Can't take the hospital drama anymore...hospice for me?

  1. 1
    Vent and request for advice:
    There is so much fighting, bickering, backstabbing, rudeness, hatefulness and just plain meanness at my hospital on my tele-medsurg floor that I just can't stand it anymore. This is my first job out of lpn school, and I am in school for my bsn. I've been there 1 year 8 months. I am thinking of going occ part time for hospital and full time for a hospice.

    I love hospital nursing, LOVE IT!! But the nurses I work with are so much like 6th grade. I don't want to leave the hospital, but I'm afraid if I don't, I'll have a nervous breakdown and not be able to finish school.

    So, have any of you left the hospital because of this? (going to another hospital is not an option, the next closest is a two hour drive away) And if so, will I really lose my skills andknowledge? Even if I still work part time there? And what about hospice? I deal with palliative pts all the time, and I really love it. I just don't want to leave the hospital because I need the experience. But I don't know how much more I can take.

    Any wise words would be greatly appreciated.
    Thank you.
    vernRN likes this.

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  2. 16 Comments...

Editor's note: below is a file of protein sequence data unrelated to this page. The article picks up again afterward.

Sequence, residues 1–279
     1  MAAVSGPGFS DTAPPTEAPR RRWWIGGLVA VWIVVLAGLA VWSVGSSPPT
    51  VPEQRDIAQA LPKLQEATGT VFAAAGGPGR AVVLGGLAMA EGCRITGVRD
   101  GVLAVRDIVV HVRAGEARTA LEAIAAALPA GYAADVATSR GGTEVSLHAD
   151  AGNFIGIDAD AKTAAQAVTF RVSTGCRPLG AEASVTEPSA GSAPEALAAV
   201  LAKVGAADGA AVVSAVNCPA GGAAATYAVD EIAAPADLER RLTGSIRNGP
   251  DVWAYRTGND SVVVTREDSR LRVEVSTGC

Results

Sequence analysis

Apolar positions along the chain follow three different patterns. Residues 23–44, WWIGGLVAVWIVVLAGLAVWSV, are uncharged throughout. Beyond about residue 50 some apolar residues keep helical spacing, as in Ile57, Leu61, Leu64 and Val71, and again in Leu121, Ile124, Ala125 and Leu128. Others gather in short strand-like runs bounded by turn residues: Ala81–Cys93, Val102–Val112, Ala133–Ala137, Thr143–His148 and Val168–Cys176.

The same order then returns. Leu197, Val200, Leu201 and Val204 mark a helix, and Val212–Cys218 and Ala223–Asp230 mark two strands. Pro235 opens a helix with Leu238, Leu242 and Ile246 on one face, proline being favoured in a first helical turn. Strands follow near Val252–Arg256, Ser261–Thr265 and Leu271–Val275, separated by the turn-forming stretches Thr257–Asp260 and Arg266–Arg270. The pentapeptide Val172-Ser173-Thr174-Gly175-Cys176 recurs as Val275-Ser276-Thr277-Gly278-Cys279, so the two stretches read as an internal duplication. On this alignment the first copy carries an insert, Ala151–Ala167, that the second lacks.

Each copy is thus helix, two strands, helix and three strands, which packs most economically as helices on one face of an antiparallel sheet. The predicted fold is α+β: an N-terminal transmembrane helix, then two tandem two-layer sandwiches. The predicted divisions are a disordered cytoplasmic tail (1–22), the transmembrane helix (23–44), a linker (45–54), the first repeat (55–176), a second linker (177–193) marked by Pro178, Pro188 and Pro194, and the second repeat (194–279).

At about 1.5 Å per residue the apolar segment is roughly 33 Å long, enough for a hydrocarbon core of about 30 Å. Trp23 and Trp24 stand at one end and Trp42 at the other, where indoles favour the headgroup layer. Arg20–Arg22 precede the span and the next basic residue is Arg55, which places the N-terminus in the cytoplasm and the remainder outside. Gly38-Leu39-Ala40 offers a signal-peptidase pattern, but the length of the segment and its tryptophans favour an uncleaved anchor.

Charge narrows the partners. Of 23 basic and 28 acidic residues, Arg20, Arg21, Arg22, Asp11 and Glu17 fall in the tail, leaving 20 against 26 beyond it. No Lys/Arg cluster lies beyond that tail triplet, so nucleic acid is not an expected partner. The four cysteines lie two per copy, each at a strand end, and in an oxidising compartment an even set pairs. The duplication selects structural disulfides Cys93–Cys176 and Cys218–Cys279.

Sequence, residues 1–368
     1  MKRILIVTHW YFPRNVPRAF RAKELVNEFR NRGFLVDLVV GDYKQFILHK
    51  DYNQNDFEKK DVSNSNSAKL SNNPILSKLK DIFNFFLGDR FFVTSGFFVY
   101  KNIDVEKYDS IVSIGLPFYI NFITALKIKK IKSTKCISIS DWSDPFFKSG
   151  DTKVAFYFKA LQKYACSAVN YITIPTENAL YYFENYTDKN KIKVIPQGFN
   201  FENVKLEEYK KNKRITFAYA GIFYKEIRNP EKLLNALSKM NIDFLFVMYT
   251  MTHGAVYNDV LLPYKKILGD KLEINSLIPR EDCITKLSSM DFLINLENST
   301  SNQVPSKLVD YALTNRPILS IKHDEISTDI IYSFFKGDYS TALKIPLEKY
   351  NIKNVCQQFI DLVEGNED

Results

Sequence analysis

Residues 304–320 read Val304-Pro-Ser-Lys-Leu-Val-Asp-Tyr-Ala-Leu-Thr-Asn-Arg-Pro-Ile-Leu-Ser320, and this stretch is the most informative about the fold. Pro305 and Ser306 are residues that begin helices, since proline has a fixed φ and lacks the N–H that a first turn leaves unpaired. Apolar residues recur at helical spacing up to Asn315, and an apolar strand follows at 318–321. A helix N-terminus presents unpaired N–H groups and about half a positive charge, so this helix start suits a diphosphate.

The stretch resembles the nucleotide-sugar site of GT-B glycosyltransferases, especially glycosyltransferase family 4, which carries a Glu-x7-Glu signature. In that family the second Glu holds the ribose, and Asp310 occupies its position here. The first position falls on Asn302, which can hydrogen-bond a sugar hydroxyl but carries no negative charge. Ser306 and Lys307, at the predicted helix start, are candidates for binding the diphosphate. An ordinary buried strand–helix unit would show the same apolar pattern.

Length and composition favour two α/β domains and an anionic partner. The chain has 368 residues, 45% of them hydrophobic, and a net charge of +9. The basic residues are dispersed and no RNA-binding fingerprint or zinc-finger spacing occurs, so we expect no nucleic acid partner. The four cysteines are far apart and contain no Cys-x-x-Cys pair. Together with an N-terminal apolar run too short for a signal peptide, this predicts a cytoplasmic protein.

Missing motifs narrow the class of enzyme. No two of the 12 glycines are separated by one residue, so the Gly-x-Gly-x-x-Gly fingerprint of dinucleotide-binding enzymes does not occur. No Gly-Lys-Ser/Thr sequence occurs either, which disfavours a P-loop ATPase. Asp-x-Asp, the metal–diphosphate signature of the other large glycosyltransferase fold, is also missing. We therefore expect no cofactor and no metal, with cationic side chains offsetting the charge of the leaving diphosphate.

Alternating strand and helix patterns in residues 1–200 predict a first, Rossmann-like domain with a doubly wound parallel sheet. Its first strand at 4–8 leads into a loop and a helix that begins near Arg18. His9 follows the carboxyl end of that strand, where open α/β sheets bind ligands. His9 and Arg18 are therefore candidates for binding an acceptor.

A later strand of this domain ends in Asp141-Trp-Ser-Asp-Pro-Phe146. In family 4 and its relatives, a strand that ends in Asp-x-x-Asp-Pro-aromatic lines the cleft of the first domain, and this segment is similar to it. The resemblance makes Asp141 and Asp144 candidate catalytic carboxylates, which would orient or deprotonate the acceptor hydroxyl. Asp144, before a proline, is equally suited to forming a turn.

3. 2
    yeah, if working with co-workers is a problem, hospice or home health are good options.
    vernRN and sparketteinok like this.
  4. 1
    If you can't take the present situation you will have a hard time of it unless you find a speciality like hospice, home health, advice nurse, etc. and stick with it. Hospital jobs are just not that easy to come by and most facilities are similar in how the workers act toward each other. Workers choose to be witchy toward each other. Nobody forces it on them, no matter how horrible the environment.
    vernRN likes this.
  5. 3
    Quote from sparketteinok
    Vent and request for advice:
    There is so much fighting, bickering, backstabbing, rudeness, hatefulness and just plain meanness at my hospital on my tele-medsurg floor that I just can't stand it anymore. This is my first job out of lpn school, and I am in school for my bsn. I've been there 1 year 8 months. I am thinking of going occ part time for hospital and full time for a hospice.

    I love hospital nursing, LOVE IT!! But the nurses I work with are so much like 6th grade. I don't want to leave the hospital, but I'm afraid if I don't, I'll have a nervous breakdown and not be able to finish school.

    So, have any of you left the hospital because of this? (going to another hospital is not an option, the next closest is a two hour drive away) And if so, will I really lose my skills andknowledge? Even if I still work part time there? And what about hospice? I deal with palliative pts all the time, and I really love it. I just don't want to leave the hospital because I need the experience. But I don't know how much more I can take.

    Any wise words would be greatly appreciated.
    Thank you.
    I drive two hours every week to work in a hospital with it sounds like the same situation. Depending on the days of the week I have a different crew or seem to rotate with several crews different week. All crews have challenges that go with it. Not the work that needs to be completed that's always a challenge in itself, but that's a good challenge for me to keep pt and their families comfortable, skills, prioritize, and have a somewhat smooth shift. The politics & co-workers are always the biggest challenge for me.